The internet allows us to have the proverbial ‘world at our fingertips’. We have almost immediate access to countless amounts of information at practically any given time. While this is great, it can definitely be seen as a double-edged sword. Being on the internet often means disclosing information about ourselves in order to get access to information or having the ability to purchase goods and services. For instance, if you want access to that bright shiny new social media app of the week, you are going to need to create a profile and give information to the company that owns the application to be able to do so. This information could include your name, email address, age, date of birth, and phone number. There should be some documentation that shows how your data will be used. As the consumer, you will need to decide if you agree to the terms of how your personal data will be used by the company collecting it. Is is purely for use within the application, or is there potential for your data to be sold to other organizations for the purpose of use cases such as targeted advertisments? Other than for business purposes and monteary gain, our personal data could also be used for malicious purposes. An example of this would be attackers gaining unauthorized access to and using personal data for spear phishing campaigns. There are various ways in which our data and activities on the internet can be tracked:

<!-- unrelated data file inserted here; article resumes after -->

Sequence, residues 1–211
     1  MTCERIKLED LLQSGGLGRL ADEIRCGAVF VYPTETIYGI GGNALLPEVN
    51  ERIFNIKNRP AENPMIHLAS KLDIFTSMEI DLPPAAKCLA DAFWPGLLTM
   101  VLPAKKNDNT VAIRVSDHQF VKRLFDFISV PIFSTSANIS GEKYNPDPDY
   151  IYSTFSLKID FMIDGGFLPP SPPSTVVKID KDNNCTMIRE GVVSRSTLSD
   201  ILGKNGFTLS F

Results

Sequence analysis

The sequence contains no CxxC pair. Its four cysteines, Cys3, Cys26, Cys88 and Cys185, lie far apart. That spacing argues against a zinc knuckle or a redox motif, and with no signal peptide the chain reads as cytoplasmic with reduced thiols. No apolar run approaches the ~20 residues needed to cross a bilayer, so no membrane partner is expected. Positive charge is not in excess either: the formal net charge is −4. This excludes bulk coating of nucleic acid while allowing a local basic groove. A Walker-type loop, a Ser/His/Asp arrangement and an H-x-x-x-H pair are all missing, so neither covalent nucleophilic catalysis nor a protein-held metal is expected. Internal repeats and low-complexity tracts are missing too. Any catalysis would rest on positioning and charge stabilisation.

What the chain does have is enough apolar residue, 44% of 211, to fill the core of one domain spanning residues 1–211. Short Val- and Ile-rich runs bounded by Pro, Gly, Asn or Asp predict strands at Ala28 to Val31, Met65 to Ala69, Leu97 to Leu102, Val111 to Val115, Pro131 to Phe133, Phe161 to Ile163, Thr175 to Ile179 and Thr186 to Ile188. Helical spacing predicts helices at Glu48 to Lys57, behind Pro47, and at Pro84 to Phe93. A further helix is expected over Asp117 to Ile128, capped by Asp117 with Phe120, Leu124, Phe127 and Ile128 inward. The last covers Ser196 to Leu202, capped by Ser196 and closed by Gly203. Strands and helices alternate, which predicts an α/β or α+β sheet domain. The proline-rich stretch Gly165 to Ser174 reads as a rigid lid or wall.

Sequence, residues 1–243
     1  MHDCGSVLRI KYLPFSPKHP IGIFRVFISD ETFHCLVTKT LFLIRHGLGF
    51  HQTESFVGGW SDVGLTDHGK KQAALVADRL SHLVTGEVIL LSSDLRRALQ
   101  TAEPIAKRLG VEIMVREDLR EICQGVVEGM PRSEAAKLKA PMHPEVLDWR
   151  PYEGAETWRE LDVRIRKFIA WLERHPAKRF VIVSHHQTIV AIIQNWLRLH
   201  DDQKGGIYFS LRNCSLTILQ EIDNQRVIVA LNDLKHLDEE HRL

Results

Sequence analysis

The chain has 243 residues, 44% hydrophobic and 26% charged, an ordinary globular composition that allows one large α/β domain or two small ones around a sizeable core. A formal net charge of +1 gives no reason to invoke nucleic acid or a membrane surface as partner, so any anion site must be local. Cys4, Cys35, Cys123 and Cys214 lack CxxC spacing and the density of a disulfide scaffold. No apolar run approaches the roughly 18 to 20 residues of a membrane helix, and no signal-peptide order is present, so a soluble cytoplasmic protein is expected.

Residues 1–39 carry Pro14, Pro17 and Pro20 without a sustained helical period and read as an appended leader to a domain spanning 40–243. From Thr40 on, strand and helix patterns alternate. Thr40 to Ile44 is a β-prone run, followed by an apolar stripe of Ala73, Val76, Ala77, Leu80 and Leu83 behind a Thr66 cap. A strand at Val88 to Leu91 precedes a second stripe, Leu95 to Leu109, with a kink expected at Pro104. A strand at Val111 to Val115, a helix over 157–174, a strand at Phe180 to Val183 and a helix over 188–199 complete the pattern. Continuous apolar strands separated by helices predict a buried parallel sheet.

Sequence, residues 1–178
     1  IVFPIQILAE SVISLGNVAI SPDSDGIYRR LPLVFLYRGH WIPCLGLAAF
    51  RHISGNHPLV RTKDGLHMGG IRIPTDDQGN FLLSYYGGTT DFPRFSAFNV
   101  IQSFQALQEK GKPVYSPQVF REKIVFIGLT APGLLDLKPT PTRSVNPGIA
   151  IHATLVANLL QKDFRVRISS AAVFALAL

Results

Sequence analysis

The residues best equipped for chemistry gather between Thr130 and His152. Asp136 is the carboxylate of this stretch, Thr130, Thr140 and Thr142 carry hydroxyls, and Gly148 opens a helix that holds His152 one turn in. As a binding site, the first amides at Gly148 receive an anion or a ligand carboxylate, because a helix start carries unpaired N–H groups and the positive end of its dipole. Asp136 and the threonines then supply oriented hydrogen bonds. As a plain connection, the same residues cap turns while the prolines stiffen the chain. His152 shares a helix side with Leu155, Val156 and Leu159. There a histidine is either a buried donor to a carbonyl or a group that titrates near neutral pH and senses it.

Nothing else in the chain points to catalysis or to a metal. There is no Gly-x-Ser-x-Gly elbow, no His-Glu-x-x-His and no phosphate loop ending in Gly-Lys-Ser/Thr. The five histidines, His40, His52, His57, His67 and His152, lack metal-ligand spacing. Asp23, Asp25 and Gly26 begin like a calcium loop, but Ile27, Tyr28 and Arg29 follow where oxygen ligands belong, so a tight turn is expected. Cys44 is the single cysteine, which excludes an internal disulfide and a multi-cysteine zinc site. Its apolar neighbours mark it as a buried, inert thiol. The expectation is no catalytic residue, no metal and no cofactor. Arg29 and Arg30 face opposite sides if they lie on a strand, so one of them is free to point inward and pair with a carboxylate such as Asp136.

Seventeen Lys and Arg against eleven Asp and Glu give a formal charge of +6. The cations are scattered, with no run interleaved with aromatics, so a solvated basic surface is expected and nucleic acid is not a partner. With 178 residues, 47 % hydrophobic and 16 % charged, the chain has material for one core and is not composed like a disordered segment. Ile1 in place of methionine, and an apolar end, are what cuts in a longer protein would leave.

Tracking cookies are text files that store information about an individual when they visit a website. Information about the user visiting the site can be tied to what specifically the user views or clicks on while on the site. If you have ever been on a website shopping for something specific, then start scrolling through your favorite social media feed, only to see an advertisement about the item you were just shopping for; the cause could likely be a tracking cookie.
I think of Adware as being similar to a tracking cookie, but rather than being a file, adware is a software that can not only track user data and activities, but also do the actual displaying of targeted ads itself. The advertisements themselves may be unwanted, but the adware is most likely installed with user acknowledgement.
Out of the examples given so far, while the first two could, depending on the circumstances be questionable in their use, spyware is outright malicious. Spyware is software that records and tracks data about systems and users, to be seen/used by another entity, primarily without consent of the user. Spyware is a direct invasion of privacy and could potentially be dangerous.
Like spyware, keyloggers are outright malicious. Keyloggers can come in hardware or software forms and aim to record actual typing keystrokes of a user. One use case of a keylogger for threat actors is to acquire usernames and passwords of targets for credential harvesting purposes.
While the internet can be an amazing tool to be leveraged for awesome use cases, it can also be a very scary place for our data. Increasing more with time, we need to be conscious of our presence online and the risks we might be taking by entering our private information into different sites on the internet. As much, if not more so than in the physical world, there are prying eyes all over the internet.